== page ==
Love of the backcountry: December 6th, 2012, the day before the big 7.3 quake struck Tohoku.
Mikasayama and Shirasawa off route 7 lay on the outskirts of Hirosaki, surrounded by Inakadate and Owani. These micro towns represent what is left of a bygone era. The old lumber mills that provides jobs and resources for this whole community is still in operation. Most folks in these towns would rather use wood and sheet metal for just about everything it seems. Often times, the houses in these communities look the same: flimsy and dated, yet they hold up against snow storms, and freezing temps. And, surprisingly quite cozy, warm, and comfortable once you are inside of one.
I love these little sleepy towns that exist as a reminder of what used to be. Fifty years ago, I'm sure these little towns were bustling with little school children and blue collar workers. You know, I learned something, and for what's worth I learned what's here is perfect. I mean, you wake up in the morning, shovel snow, and then off to work then back home to have dinner with the family. People greet each other, like they still do today. But never ask a Japanese if Japanese greet anymore, at least not in Yokohama. You will only get cold stares in the morning if you greet. Here in the backcountry people do greet each other, even strangers. Same in some North American cities, too.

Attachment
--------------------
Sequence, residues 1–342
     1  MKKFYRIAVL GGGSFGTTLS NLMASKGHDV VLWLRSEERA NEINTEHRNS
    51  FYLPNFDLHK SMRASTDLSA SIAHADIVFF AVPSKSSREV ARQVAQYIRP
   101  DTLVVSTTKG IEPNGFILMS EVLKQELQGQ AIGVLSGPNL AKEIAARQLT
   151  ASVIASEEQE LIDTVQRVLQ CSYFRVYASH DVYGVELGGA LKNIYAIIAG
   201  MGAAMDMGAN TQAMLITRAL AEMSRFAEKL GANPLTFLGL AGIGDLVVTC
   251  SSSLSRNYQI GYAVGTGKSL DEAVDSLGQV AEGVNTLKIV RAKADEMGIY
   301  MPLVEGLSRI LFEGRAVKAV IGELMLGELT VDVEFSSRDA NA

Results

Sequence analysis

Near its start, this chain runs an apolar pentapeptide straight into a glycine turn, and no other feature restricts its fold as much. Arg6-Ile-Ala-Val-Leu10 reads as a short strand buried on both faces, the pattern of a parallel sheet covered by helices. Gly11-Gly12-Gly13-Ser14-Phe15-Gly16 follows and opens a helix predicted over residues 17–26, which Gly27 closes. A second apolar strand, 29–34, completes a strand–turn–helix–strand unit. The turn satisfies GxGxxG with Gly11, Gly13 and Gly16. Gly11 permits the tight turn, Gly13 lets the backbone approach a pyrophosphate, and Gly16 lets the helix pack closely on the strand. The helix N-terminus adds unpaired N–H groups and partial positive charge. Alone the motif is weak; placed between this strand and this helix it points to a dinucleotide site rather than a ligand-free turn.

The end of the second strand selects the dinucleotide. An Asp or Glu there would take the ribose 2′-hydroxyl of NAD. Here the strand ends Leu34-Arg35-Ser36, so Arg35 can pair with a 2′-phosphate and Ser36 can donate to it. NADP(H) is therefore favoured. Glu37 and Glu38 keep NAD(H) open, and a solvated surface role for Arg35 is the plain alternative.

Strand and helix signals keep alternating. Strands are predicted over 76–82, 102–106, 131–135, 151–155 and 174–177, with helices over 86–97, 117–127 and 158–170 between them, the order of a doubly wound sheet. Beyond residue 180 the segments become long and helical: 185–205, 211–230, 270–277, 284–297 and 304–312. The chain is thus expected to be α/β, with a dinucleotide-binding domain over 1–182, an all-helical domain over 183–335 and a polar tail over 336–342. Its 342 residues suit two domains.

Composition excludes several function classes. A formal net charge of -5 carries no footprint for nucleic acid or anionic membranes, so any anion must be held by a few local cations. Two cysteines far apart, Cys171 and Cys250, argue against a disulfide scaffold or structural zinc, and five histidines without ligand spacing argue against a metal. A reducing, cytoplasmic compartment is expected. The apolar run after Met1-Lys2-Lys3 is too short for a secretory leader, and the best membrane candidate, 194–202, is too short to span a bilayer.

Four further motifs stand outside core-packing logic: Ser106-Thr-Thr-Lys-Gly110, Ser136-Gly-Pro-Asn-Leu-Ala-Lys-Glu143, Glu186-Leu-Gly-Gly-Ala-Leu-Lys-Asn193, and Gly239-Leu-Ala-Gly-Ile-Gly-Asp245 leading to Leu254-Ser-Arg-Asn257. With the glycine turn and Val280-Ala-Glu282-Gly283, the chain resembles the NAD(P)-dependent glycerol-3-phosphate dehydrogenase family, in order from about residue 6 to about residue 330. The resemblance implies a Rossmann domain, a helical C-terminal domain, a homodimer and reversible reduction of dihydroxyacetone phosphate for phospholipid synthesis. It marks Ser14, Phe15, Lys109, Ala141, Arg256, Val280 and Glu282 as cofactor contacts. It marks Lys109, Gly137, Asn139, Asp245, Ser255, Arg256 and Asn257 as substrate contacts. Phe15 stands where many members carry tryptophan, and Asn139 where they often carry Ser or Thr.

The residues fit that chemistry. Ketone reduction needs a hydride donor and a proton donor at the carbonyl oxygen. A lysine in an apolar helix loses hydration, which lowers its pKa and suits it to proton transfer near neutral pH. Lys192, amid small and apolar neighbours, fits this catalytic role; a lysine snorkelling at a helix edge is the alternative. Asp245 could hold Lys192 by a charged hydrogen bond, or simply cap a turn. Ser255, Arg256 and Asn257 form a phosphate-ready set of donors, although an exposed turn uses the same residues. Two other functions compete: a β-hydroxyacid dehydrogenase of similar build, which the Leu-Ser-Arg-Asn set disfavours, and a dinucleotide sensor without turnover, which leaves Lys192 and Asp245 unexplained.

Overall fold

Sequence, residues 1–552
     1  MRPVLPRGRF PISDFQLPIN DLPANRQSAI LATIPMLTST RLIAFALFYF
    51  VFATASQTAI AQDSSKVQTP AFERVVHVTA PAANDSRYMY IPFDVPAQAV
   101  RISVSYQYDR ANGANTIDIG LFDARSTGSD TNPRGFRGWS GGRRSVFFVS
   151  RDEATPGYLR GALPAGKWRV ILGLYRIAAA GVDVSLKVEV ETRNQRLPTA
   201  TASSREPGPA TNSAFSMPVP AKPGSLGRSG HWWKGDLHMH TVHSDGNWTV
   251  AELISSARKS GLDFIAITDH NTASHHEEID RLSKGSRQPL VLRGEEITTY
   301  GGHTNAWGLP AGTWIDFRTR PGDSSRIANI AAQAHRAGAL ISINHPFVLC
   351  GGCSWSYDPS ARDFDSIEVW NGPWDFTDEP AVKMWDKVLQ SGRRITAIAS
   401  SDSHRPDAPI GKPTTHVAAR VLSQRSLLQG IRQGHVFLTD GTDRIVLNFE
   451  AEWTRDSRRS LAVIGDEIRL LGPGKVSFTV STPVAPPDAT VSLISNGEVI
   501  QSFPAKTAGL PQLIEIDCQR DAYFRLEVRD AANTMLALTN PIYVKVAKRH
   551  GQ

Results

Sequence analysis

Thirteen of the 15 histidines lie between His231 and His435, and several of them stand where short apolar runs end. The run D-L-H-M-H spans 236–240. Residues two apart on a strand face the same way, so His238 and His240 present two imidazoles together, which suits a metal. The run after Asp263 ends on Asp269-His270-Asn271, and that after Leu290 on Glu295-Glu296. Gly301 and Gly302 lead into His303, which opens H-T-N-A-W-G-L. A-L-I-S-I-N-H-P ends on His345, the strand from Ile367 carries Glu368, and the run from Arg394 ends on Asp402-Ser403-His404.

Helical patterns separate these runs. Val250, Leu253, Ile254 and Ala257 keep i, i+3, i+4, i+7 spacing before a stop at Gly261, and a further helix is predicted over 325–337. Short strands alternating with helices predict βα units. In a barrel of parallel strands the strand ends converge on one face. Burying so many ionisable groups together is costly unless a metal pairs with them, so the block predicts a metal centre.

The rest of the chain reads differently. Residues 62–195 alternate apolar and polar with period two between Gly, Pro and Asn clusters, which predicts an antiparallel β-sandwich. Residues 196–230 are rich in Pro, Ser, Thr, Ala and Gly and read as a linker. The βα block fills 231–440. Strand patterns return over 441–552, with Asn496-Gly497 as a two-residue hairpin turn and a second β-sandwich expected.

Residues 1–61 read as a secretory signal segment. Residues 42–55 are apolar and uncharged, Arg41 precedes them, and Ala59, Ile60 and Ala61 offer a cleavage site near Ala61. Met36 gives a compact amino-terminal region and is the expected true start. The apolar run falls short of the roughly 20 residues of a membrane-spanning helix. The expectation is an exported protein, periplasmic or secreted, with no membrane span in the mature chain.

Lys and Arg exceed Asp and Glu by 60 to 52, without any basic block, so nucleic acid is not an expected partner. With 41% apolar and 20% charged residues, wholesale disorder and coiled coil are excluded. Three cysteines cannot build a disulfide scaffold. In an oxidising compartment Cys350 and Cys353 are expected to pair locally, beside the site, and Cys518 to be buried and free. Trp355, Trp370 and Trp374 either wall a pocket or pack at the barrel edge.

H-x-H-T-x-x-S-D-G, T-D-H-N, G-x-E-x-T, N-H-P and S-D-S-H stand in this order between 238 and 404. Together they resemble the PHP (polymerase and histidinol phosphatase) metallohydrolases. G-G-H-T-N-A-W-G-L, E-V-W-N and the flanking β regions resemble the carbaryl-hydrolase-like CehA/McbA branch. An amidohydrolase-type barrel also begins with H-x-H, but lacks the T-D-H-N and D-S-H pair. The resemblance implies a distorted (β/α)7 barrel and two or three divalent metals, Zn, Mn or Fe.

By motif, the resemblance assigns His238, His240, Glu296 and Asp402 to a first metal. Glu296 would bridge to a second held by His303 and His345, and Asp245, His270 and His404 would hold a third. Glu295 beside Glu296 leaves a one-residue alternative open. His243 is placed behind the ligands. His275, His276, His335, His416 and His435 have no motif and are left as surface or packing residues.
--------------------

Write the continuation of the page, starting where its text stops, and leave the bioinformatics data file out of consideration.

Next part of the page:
The elderly out here look so much healthier, vibrant, and stress free than their urban counter-parts. In Yokohama, the elderly look horribly unhappy and miserable, and absolutely fearful of everybody and everything and very untrustworthy.
Here in the rural areas of the north, everybody knows each other and are bound by a sense of community whereas in the urban areas the idea of community is merely another form of " neighborhood watch" where everybody stabs each other in the back. There is no community based off of support, warmth, and conviviality like in the countryside..
Old engines that use diesel fuel pull these metal trains filled with old people to destinations we city folks take for granted, like convenience stores. Snow fell unseasonably early, but a welcome edition because I love snow when I don't have to remove it.
I love how water meanders down a river filled with rocks, leaves, and snow. It just adds to the atmosphere. Snow, water, steam and sulfur, and you know you are in an onsen town replete with hot mineral spas for soaking your frozen bones in, which explains why I'd rather walk to my destination than hailing a taxi.
This is the real Japan.